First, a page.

In the first survey of Himalayan rock glaciers, experts have discovered that they are more resilient climate change than what was expected. According to the study, rock glaciers will melt more slowly as temperatures rise due to the enhanced insulation provided by surface rock debris.
The team identified approximately 25,000 rock glaciers that cover an estimated 3,747 square kilometers across the Himalayas. Despite their prevalence, these glaciers have generally been overlooked in studies about the future of Himalayan ice.
The study, led by Dr. Darren Jones at the University of Exeter, reveals that the Himalayan rock glacier to ice glacier water storage ratio is 1:25. The proportion of water held in rock glaciers will rise as ice glaciers continue to melt, and some transition to become rock glaciers.
“Glaciers play a vital role in regulating water supplies, and Himalayan glaciers regulate water for hundreds of millions of people,” said Professor Stephan Harrison.
“Over the past century, these glaciers have lost about 25% of their mass due to climate change, and they are predicted to lose more in the future.”
“However, glacier models have treated glaciers as uniform lumps of ice – and our study shows not all glaciers will melt at the same rate. Many are covered in rock and are in various stages of the transition to rock glaciers.”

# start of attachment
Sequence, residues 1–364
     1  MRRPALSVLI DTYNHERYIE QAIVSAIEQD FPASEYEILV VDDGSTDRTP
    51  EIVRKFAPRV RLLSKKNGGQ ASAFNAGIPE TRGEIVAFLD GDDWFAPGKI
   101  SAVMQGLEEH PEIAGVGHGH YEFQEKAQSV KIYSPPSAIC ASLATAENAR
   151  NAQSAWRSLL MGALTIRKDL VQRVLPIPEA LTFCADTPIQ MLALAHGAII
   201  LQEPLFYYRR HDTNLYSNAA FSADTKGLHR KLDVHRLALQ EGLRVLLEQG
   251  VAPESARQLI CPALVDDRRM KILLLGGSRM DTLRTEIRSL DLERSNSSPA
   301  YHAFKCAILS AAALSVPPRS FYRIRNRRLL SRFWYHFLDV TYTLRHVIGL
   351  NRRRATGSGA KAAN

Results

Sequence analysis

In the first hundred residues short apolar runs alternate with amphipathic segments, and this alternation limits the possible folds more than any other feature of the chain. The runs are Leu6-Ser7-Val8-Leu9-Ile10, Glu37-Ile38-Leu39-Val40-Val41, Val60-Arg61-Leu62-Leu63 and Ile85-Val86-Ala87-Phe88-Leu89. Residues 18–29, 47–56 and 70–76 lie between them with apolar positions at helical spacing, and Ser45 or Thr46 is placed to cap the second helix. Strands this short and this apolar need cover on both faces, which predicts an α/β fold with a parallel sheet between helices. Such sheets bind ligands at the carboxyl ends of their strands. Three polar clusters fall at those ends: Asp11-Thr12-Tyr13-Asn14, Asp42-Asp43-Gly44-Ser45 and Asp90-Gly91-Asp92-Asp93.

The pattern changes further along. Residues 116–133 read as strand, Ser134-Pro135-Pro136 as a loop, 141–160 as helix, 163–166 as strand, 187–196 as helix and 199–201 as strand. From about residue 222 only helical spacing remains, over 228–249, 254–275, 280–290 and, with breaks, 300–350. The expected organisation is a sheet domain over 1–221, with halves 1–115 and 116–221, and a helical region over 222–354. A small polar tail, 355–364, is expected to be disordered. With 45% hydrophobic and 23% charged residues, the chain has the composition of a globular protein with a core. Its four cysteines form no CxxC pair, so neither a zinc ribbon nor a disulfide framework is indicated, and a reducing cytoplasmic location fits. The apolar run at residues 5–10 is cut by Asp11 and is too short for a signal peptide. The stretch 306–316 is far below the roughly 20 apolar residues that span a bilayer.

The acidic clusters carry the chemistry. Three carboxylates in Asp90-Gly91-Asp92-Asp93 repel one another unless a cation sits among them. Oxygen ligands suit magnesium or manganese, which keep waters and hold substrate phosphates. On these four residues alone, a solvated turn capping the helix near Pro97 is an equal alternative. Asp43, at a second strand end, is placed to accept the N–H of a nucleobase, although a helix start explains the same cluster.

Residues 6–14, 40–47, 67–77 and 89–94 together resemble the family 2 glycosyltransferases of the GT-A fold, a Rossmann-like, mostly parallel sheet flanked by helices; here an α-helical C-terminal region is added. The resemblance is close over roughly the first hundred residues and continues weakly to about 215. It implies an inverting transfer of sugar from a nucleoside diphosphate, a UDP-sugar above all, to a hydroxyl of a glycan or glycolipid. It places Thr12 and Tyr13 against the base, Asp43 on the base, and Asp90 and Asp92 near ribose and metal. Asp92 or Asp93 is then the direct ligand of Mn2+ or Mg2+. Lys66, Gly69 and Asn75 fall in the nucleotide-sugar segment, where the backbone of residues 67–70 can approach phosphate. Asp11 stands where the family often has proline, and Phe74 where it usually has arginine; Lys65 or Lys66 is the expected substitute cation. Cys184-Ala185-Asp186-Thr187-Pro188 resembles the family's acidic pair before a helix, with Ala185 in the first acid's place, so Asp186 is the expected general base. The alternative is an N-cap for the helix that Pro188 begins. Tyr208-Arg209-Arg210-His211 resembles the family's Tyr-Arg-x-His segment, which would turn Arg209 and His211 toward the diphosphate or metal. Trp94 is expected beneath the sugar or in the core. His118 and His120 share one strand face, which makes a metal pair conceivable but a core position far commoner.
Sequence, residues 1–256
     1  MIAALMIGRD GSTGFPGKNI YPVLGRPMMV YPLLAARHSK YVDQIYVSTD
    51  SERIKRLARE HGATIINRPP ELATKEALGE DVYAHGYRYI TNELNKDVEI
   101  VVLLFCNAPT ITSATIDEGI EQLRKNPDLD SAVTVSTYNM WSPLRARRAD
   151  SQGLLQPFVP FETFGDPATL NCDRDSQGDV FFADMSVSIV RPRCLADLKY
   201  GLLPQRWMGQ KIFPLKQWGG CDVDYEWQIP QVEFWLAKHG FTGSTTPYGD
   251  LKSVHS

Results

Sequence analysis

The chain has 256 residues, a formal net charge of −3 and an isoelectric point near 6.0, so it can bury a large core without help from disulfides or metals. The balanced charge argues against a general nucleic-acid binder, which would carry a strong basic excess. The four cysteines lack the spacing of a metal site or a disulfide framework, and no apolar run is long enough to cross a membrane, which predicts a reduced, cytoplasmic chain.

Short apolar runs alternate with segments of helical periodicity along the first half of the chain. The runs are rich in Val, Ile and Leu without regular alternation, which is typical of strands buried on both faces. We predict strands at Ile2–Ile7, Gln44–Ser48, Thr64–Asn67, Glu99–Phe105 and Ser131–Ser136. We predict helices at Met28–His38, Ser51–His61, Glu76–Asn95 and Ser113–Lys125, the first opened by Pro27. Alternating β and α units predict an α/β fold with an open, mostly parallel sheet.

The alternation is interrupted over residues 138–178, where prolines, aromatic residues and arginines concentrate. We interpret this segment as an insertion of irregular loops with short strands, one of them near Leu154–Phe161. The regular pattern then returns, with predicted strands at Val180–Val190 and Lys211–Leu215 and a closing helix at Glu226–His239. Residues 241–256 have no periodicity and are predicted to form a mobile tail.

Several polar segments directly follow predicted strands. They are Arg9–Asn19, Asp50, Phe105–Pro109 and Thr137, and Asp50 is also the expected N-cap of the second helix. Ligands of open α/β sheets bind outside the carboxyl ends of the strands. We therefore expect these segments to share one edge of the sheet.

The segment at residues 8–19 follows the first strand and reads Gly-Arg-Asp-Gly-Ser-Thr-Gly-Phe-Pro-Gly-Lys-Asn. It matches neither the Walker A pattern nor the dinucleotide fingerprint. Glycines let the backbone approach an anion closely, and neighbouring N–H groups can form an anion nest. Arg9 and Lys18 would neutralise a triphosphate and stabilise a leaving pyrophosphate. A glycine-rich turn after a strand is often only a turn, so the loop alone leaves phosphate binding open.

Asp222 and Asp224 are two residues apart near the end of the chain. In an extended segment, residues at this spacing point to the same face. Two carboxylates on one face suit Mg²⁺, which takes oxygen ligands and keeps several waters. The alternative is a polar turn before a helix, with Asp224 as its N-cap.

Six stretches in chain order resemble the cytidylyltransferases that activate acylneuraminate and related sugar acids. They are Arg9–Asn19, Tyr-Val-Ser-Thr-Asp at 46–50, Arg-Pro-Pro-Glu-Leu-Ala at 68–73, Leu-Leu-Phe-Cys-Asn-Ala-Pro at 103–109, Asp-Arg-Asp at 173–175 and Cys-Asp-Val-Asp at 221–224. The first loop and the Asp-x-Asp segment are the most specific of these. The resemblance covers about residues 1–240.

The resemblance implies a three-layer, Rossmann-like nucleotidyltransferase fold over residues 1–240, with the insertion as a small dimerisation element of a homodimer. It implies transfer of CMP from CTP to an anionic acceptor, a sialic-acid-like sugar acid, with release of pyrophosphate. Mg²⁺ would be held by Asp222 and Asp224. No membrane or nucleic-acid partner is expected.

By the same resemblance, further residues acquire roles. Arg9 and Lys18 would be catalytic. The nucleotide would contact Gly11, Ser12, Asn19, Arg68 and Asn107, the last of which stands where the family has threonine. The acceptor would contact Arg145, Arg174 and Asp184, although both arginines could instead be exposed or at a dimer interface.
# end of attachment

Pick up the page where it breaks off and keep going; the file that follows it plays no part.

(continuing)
According to Professor Harrison, these slow-moving glaciers are well insulated, and as a result they are more resilient to global warming than other glaciers.
The estimated 25,000 rock glaciers in the region contain a total of about 51 cubic kilometers of ice, which is equivalent to up to 62 trillion liters of water.
“Although we find that rock glaciers are more resilient to warming, it remains clear that all Himalayan glaciers are in long-term decline, with enormous implications for the people who rely on them for water supplies,” said study lead author Dr. Darren Jones.
“Further research into Himalayan rock glaciers is critical for underpinning climate change adaptation strategies and to ensure that this highly populated region is in a strong position to meet sustainable development goals,” said study co-author Professor Richard Betts.
The study is published in the journal Science of the Total Environment.